Air Bags

Bang! We think of explosions as terrible, dangerous things—but that's not always the case.

Every day, explosions are helping to save people's lives. If you're unlucky enough to be involved in a car accident, a carefully controlled explosion will (hopefully) fire an airbag out from the dashboard, cushioning the impact and helping to reduce the damage to your body.

Airbags are very simple but also amazingly clever, because they have to open up at over 300 km/h (200mph)—faster than a car can crash! Let's take a closer look at how they work.

The trouble with momentum
 

Like everything else in the world, car crashes are controlled by the laws of physics—and, more specifically, the laws of motion.

Anything that moves has mass (very loosely speaking, this means how much "stuff" an object contains and it's closely related to how heavy it feels) and velocity (loosely, this is the same thing as speed, but strictly it means speed in a certain direction).

Anything that has mass and velocity has kinetic energy, and the heavier your car and the faster you're going, the more kinetic energy it has. That's fine until you suddenly want to stop—or until you crash into something. Then all the energy has to go somewhere.

 Even though cars are designed to crumple up and absorb impacts, their energy still poses a major risk to the driver and passengers.

 

How airbags help
 

An airbag is more correctly known as a supplementary restraint system (SRS) or supplementary inflatable restraint (SIR). The word "supplementary" here means that the airbag is designed to help the seatbelts protect you rather than replace them (relying on an airbag to protect you without fastening your seatbelt is extremely dangerous).
 

The basic idea is that the airbag inflates as soon as the car starts to slow down in an accident and deflates as your head presses against it.

 

That's important: if the bag didn't deflate, your head would just bounce back off it and you'd be no better off.

How effective are airbags?
 

Several studies found that airbags reduced fatalities by 23–24 percent in head-on crashes and by 16 percent in crashes of all kinds, compared to cars fitted only with manual safety belts.
 

That's obviously a huge improvement, but it's important to note that airbags are violently explosive things that present dangers of their own.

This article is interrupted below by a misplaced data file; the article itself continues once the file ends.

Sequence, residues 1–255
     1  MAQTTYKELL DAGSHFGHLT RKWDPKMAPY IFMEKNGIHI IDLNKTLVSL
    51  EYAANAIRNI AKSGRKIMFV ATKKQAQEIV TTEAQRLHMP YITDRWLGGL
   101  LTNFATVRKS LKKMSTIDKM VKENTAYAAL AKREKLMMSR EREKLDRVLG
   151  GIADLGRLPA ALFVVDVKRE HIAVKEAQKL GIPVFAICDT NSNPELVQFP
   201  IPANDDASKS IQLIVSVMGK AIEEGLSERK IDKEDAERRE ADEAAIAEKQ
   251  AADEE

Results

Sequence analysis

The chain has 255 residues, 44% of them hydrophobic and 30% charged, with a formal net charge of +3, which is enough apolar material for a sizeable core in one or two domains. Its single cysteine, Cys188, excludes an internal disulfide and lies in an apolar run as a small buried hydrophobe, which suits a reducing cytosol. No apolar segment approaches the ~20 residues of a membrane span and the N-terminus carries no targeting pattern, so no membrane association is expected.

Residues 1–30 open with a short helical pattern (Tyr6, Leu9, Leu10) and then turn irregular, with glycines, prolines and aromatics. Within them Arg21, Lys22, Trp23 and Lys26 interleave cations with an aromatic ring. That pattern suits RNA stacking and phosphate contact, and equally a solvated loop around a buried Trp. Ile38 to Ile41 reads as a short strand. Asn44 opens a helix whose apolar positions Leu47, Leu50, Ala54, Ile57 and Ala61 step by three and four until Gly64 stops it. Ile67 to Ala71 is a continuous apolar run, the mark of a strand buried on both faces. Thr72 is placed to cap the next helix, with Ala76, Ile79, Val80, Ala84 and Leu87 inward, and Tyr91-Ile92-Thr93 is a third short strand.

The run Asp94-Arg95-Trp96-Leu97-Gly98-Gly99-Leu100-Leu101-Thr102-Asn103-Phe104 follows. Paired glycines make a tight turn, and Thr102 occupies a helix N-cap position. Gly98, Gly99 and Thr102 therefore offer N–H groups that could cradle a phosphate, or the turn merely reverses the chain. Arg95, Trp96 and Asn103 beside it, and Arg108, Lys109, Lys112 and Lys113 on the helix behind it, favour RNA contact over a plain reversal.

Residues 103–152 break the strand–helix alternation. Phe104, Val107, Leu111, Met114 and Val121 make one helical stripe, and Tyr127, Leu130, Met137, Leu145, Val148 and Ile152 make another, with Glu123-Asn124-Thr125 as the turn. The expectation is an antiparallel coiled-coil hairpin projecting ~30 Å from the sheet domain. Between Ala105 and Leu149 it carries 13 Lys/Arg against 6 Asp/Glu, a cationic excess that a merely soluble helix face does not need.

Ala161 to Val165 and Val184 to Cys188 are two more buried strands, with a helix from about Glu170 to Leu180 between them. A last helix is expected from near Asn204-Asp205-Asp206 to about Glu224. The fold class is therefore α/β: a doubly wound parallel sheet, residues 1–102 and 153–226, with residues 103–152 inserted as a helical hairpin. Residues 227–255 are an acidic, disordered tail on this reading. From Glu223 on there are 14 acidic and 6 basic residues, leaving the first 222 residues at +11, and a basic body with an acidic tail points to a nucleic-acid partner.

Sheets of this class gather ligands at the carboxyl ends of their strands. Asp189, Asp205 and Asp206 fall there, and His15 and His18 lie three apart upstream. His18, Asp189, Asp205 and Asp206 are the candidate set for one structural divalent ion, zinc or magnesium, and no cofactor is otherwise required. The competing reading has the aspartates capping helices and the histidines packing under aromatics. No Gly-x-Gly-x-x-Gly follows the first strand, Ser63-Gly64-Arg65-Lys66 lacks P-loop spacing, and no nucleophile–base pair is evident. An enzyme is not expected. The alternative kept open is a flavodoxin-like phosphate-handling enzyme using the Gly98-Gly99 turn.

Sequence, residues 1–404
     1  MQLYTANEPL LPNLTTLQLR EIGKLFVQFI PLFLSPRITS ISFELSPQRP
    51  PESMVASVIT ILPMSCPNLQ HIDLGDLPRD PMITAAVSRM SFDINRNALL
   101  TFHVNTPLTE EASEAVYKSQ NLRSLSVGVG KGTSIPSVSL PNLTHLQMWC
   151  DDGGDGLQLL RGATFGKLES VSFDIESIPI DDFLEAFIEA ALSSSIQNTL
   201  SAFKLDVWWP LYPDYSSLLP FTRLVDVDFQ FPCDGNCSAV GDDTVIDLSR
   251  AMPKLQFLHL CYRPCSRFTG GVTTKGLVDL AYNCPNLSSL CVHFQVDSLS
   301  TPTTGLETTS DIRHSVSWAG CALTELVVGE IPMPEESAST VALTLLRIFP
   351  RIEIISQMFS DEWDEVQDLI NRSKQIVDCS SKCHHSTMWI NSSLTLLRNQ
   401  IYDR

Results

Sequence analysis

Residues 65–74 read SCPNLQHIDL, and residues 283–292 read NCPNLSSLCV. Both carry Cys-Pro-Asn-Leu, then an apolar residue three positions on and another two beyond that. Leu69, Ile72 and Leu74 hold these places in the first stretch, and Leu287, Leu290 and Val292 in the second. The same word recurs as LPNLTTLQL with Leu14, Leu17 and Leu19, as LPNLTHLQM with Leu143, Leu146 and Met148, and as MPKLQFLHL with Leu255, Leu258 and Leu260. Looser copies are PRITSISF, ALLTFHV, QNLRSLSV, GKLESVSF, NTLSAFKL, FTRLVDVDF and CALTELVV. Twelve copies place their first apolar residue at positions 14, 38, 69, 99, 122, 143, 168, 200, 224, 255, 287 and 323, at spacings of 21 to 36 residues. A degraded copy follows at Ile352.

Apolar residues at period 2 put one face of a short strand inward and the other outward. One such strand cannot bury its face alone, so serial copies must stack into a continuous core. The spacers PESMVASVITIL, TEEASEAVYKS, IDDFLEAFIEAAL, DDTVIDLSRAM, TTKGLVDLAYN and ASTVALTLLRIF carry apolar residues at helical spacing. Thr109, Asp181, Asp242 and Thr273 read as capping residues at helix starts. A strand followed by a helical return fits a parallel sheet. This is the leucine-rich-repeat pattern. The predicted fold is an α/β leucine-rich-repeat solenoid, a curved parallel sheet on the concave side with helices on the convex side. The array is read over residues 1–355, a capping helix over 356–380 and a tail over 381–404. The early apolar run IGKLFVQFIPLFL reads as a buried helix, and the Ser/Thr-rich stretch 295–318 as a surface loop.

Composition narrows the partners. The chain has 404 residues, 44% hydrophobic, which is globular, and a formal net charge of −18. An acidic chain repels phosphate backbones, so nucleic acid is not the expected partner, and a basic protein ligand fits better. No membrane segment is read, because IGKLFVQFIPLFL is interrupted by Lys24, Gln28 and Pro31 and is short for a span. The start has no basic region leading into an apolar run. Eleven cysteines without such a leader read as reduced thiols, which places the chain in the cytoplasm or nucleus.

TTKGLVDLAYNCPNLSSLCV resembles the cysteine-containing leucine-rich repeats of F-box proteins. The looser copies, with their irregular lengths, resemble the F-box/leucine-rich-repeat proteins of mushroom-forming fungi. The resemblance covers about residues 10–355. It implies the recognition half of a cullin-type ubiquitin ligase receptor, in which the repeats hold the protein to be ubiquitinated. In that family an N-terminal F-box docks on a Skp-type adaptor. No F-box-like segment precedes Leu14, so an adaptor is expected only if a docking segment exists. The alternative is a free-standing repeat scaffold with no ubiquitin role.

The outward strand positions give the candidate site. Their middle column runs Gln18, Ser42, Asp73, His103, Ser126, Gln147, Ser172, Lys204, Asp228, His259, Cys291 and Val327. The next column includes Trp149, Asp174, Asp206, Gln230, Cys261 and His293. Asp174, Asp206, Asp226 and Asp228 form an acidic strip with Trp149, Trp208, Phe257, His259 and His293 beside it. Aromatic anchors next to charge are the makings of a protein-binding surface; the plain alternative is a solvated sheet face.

The biggest risk is to young children, though adults also face a small risk of eye injury and hearing loss.
 

If an airbag saves your life, you probably consider a slight risk of injury a price well worth paying. Even so, it's clearly important to study the potential dangers of airbags so we can make them as safe and effective as possible.

Modern airbags (installed since the late 1990s) fire with less force than older designs, and there's compelling evidence that this has reduced accidental deaths, especially among children, without compromising passenger safety.

 

 




How airbags work

 

When a car hits something, it starts to decelerate (lose speed) very rapidly.
 

An accelerometer (electronic chip that measures acceleration or force) detects the change of speed.
 

If the deceleration is great enough, the accelerometer triggers the airbag circuit. Normal braking doesn't generate enough force to do this.
 

The heating element ignites a chemical explosive. Older airbags used sodium azide as their explosive; newer ones use different chemicals.
 

As the explosive burns, it generates a massive amount of harmless gas (typically either nitrogen or argon) that floods into a nylon bag packed behind the steering wheel.
 

As the bag expands, it blows the plastic cover off the steering wheel and inflates in front of the driver. The bag is coated with a chalky substance such as talcum powder to help it unwrap smoothly.
 

The driver (moving forward because of the impact) pushes against the bag. This makes the bag deflate as the gas it contains escapes through small holes around its edges. By the time the car stops, the bag should have completely deflated.


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Henderson Driving School 

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